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January 26, 2016 12:20 PM

The Academy failed to recognize any actors of color in this year’s Oscar nominations, so Jane The Virgin star Gina Rodriguez is doing it for them.

In a new Instagram post she dubbed the first “Movement Monday,” the Latin American actress challenged the “55 million Latinos in this country” to work together to create a more diverse Hollywood.

Alongside a photo of “Oscar worthy” Guatemalan American actor Oscar Isaac from his 2015 movie Ex Machina, Rodriguez wrote that she was inspired to speak out amid “all this Oscar Talk.”

“I decided to start a movement and speak from the perspective of a Latina American who desires to see more Latinos on screen,” she explained. “There are 55 million Latinos in this country and although we all come from various backgrounds our unity can make a movie explode at the box office or a TV show soar to the highest viewers possible.”

Rodriguez explained that if projects featuring Latino stars performed well financially, more money will be spent on similar shows and films.

“My solution is this, support is needed,” she wrote. “Right now there isn’t one Latino that can greenlight a movie. That means no studio will put their money behind a Latino face as a lead of a movie because they don’t believe we can make their money back.”

She continued, “I am told time and time again ‘Latinos don’t watch Latino movies. Latinos don’t support each other,’ and sadly that is true.”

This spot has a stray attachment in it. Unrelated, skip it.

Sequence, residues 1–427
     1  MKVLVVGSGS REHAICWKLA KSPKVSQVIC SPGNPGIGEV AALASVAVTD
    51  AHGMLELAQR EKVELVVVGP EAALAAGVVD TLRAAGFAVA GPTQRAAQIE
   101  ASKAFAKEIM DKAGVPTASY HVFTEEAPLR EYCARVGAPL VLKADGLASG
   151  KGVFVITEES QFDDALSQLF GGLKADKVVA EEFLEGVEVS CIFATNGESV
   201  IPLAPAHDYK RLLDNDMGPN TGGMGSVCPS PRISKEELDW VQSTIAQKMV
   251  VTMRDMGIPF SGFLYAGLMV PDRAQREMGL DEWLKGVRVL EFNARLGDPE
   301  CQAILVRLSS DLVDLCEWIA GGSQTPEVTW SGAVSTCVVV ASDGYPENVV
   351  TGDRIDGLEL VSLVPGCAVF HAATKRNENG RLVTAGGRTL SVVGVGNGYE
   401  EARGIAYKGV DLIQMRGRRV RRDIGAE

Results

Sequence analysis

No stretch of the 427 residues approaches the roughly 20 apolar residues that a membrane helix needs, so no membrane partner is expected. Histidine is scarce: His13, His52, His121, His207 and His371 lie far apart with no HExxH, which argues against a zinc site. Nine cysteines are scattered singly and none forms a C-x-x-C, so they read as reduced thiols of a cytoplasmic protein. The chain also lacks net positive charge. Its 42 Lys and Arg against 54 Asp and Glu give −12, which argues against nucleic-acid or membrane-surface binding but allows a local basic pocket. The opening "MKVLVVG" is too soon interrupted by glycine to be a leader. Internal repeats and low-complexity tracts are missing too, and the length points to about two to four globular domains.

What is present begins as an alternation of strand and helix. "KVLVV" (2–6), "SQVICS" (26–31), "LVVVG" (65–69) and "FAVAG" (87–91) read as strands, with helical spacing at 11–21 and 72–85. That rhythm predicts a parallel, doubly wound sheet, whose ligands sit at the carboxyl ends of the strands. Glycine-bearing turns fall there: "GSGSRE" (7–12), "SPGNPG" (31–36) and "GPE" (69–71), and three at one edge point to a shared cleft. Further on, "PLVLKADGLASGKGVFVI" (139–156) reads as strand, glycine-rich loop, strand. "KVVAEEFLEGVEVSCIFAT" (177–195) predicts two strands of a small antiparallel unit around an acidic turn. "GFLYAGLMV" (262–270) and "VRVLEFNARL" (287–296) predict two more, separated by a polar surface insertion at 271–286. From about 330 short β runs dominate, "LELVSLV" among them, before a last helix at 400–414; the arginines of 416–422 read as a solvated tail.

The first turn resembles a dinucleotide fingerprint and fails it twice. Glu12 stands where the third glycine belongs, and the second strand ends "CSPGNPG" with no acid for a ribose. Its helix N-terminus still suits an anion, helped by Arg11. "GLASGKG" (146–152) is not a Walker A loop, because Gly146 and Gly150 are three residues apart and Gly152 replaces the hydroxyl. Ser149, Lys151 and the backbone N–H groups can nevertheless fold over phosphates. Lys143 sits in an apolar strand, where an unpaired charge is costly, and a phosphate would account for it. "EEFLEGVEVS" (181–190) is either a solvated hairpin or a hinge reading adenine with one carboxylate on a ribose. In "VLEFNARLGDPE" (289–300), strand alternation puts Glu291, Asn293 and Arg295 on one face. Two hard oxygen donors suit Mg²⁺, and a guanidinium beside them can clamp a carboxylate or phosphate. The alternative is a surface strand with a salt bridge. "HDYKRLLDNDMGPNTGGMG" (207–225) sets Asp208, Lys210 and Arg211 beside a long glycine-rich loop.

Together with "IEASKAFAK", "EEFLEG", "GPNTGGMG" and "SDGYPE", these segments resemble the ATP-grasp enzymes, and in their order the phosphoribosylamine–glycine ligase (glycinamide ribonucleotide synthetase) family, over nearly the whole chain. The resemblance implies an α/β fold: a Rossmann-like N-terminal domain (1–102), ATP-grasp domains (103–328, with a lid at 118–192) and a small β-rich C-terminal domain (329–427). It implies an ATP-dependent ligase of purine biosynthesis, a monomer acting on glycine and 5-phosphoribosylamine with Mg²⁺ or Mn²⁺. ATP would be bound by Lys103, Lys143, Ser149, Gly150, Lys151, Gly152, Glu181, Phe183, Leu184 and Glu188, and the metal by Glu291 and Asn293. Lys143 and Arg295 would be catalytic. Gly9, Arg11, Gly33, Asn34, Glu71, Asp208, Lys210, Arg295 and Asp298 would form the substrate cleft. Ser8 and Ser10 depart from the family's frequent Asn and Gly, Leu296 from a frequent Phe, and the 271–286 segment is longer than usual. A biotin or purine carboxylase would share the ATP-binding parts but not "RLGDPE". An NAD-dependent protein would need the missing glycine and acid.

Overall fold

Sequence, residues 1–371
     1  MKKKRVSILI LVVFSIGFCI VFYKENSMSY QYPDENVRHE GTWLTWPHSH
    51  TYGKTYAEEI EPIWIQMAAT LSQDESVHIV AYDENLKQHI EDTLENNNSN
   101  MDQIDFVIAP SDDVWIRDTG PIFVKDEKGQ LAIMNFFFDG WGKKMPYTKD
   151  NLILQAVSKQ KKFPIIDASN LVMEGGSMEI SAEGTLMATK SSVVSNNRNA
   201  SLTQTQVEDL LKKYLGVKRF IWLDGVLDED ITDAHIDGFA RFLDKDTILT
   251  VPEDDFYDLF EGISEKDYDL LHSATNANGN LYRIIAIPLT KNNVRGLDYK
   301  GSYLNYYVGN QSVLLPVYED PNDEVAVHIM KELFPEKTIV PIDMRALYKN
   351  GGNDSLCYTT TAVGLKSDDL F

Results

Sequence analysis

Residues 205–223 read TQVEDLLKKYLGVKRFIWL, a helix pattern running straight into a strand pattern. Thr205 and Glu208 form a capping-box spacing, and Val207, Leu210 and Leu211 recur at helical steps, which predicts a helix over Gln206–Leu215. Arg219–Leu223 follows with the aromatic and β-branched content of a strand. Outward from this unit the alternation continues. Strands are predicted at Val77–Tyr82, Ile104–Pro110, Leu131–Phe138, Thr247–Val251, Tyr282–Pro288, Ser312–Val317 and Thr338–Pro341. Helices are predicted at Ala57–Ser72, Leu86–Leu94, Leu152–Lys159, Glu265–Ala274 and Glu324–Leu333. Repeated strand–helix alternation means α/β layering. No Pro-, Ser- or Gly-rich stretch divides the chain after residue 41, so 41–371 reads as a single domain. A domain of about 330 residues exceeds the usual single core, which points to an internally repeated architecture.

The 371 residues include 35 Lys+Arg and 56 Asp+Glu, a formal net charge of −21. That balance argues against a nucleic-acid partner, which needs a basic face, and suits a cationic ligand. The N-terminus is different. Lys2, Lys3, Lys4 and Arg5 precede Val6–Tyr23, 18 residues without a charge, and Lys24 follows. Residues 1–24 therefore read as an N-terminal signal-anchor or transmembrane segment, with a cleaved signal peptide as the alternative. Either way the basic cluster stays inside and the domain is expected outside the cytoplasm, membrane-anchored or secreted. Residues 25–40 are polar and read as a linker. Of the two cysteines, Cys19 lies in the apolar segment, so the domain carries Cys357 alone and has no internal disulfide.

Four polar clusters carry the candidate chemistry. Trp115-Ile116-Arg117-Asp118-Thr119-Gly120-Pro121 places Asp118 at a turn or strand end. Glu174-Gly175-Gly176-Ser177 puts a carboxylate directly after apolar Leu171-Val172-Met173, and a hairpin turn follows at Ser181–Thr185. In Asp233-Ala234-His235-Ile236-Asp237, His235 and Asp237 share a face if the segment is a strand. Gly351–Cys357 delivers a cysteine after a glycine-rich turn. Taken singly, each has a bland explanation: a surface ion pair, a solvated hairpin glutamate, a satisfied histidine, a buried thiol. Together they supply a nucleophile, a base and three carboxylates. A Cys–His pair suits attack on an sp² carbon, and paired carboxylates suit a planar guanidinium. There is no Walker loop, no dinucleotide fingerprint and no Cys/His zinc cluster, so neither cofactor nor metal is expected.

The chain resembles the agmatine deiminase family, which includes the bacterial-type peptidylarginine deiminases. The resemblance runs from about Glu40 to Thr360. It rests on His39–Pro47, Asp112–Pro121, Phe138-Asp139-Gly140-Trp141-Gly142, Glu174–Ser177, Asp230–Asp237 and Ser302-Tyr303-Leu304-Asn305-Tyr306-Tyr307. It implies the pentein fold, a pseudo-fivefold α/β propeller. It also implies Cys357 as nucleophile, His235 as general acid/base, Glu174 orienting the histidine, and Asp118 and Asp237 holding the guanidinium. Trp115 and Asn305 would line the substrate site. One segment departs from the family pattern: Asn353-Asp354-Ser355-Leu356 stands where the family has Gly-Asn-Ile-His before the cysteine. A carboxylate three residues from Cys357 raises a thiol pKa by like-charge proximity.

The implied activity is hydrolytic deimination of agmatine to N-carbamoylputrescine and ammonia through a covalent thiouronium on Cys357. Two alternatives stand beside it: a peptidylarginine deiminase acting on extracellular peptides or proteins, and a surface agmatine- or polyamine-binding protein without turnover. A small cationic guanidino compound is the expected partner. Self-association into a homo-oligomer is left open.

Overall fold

The actress challenges her fans to support one another: “The industry sees money, the excuse can’t just be racism. We can make a difference in a very powerful way if we unite our support as one Latino community.”

Rodriguez wrote that she plans to highlight a new Latino artist every Monday to “support all the various movies that are worthy of Oscar contention.”

VIDEO: Gina Rodriguez Tells Ellen She Wants a Baby Really Badly

Rodriguez has been outspoken about the representation of Latin American actors on screen before, telling Glam Belleza Latina that she “never saw my home life reflected onscreen” as a child.

“That made me feel a certain way about myself,” she said at the time. “It’s not only about my ethnicity; it made me feel a certain way about my beauty. Not seeing a woman like me as a lead made me feel like I’d never be skinny enough, I’d never be pretty enough.”

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